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Pros and Cons of Class Action Suit

A Class Action in employment law context is a civil action brought by one or more representative plaintiff on behalf of a larger group of victims (“class members”) for matters involving common defendant(s). Litigation is complex and class actions have advantages as well as disadvantages. In cases where it would not be economical or practical for an individual to bring a claim and multiple claimants are similarly affected, it may be viable to proceed as a class action.

If you have been wronged, sometimes it’s difficult to decide what your best course of action is. Below are some key points for you to think about when you are deciding a Class Action is right for you.

Employment Law Class Action - Is it for Me?

There are many reasons why you might want to consider filing your employment law case as a Class Action instead of an individual suite. There might have many victims involving the same transaction (e.g. massive layoff of the work force without just compensation and proper severance pay). The cost minimization and judicial efficiency of an Employment Law Class Action makes it possible for victims to seek justice in cases where the legal cost far exceeds the monetary award each individual victim is entitled to and as such an individual suite by each victim wouldn't be financially feasible otherwise. In some occasions, more victims are discovered along the way as the employment law legal proceeding progress that calls for a Class Action.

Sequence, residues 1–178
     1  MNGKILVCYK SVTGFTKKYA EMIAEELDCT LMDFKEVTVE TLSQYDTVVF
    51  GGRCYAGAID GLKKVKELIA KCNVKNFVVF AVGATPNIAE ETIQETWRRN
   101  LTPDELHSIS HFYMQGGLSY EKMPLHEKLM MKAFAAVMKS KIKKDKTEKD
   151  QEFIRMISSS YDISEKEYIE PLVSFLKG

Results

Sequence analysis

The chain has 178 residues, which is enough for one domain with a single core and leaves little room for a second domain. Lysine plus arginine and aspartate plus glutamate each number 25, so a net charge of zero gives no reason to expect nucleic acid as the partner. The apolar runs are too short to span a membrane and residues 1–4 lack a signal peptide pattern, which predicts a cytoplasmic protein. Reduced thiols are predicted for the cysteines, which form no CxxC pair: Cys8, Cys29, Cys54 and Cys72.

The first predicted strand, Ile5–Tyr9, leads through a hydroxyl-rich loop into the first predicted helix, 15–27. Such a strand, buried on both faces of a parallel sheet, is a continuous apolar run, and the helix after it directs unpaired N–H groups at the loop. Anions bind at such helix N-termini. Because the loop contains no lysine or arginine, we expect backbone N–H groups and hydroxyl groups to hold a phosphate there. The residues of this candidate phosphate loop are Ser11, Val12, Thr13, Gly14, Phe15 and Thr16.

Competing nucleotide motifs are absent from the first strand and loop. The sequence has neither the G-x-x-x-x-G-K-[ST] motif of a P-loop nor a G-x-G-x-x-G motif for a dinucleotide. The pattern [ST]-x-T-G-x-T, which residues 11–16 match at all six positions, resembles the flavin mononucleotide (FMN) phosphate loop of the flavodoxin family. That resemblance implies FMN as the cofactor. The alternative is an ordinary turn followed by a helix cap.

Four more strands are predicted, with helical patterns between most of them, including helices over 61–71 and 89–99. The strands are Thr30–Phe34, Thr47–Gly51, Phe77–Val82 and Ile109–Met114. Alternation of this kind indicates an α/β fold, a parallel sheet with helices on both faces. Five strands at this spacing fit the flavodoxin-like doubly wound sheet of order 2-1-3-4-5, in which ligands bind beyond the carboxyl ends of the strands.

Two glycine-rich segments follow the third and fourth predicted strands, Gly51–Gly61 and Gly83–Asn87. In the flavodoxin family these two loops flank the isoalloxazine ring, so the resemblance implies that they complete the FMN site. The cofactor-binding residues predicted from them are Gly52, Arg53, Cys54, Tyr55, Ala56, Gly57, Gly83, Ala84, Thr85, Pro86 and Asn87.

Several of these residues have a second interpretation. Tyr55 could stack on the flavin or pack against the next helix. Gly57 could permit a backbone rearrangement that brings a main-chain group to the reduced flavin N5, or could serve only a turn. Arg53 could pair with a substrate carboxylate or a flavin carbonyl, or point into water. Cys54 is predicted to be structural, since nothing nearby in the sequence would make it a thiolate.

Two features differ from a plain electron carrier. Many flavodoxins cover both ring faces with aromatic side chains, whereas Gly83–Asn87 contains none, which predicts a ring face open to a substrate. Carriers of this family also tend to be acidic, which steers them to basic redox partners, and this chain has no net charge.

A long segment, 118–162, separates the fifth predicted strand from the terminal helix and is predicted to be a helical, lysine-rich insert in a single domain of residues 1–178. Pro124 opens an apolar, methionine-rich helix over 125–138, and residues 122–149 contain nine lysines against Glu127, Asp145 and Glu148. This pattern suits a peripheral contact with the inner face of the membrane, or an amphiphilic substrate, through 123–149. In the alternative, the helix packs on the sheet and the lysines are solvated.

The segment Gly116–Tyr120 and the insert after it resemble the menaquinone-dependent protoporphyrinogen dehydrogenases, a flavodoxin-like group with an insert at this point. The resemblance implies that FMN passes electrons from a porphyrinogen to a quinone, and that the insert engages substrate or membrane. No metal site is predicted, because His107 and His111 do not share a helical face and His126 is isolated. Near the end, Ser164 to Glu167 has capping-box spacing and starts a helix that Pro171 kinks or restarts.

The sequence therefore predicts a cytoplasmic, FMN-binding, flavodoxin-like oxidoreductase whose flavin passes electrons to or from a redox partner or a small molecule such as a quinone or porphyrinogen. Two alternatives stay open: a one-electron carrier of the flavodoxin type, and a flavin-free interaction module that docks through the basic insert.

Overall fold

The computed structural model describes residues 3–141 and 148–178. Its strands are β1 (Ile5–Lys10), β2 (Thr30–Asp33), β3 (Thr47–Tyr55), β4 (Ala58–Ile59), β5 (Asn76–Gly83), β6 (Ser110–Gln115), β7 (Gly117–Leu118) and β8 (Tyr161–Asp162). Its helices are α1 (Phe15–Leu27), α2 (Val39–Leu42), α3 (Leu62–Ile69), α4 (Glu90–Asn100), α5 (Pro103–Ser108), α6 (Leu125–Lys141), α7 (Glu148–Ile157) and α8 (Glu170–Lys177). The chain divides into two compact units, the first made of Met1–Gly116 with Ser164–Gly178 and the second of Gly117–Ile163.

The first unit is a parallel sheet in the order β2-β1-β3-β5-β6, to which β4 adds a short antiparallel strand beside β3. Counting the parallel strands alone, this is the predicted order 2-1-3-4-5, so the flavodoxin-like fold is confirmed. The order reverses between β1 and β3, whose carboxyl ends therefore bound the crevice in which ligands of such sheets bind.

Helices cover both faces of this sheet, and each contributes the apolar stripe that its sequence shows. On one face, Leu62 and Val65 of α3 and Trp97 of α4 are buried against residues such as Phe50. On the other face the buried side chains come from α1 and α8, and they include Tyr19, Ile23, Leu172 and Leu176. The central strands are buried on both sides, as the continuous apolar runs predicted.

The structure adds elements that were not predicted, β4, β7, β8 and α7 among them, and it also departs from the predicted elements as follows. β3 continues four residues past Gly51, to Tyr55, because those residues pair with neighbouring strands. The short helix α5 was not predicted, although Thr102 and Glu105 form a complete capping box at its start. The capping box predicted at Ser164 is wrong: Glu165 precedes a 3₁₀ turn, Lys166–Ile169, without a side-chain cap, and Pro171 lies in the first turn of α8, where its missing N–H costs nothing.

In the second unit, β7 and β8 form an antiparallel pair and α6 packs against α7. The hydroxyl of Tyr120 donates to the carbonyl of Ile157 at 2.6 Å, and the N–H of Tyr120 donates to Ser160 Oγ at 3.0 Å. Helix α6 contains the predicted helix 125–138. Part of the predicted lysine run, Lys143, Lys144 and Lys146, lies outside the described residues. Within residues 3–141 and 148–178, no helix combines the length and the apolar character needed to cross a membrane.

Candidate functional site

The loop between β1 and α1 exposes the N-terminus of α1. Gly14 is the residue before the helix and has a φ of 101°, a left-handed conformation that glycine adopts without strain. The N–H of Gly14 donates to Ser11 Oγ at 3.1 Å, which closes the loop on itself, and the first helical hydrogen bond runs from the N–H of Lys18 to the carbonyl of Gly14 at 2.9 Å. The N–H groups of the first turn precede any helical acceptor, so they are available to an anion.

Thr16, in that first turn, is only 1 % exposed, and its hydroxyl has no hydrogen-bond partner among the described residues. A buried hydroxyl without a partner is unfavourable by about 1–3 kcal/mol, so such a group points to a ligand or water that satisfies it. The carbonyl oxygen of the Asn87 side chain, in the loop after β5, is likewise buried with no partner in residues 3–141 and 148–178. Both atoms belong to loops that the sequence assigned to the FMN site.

Pros and Cons of Class Action Lawsuits in General


  • Greatly improve judicial efficiency as it help reduce the number of suits required for the Court to resolve

  • More Cost Effective: Reduce the cost of litigation as all class members are using the same lawyer due to economy of scale.

  • Motivate defendants to settle since there are many plaintiffs


  • Cases take a longer time to settle because of the complex procedures involved

  • Plaintiffs give up their right to sue the defendant independently

  • Class members do not have direct control over the legal proceeding


  • By grouping many class members together, it pressures the Defendant(s) in terms of dollar value of the claim; and the publicity associated with a class action.

  • If the case is large in scale, you will also increase the chance of attracting litigation funding, assuming the chance of success is high, which is not uncommon in an employment law class action. Or at the very least, by making the case larger in scale, it’s more likely that a lawyer will take on the case on a contingency fee, no-win-no-fee basis.


  • Representative Plaintiff has an obligation and a duty to fairly and adequately represent the interests of the class. So it’s not unlikely that, as a representative plaintiff, you might end up getting a smaller amount than you would have, if you filed a personal suit.

  • A lot of groundworks is required: Defining Class, Obtaining an Order for Certification from the Court, Devise a plan for pursuing the action and for notifying other class members, just to name a few.


  • Minimal time and cost involved.

  • Class actions extend the statutes of limitations (a 2-year-limitation-period) in some cases, as long as the representative plaintiff(s) are not caught by the Limitations Act, 2002.


  • You will not have much control over the court proceedings.

  • You are barred from making your own claim in relation to the same issue in the future.

Class Action FAQs

Class Action FAQs:

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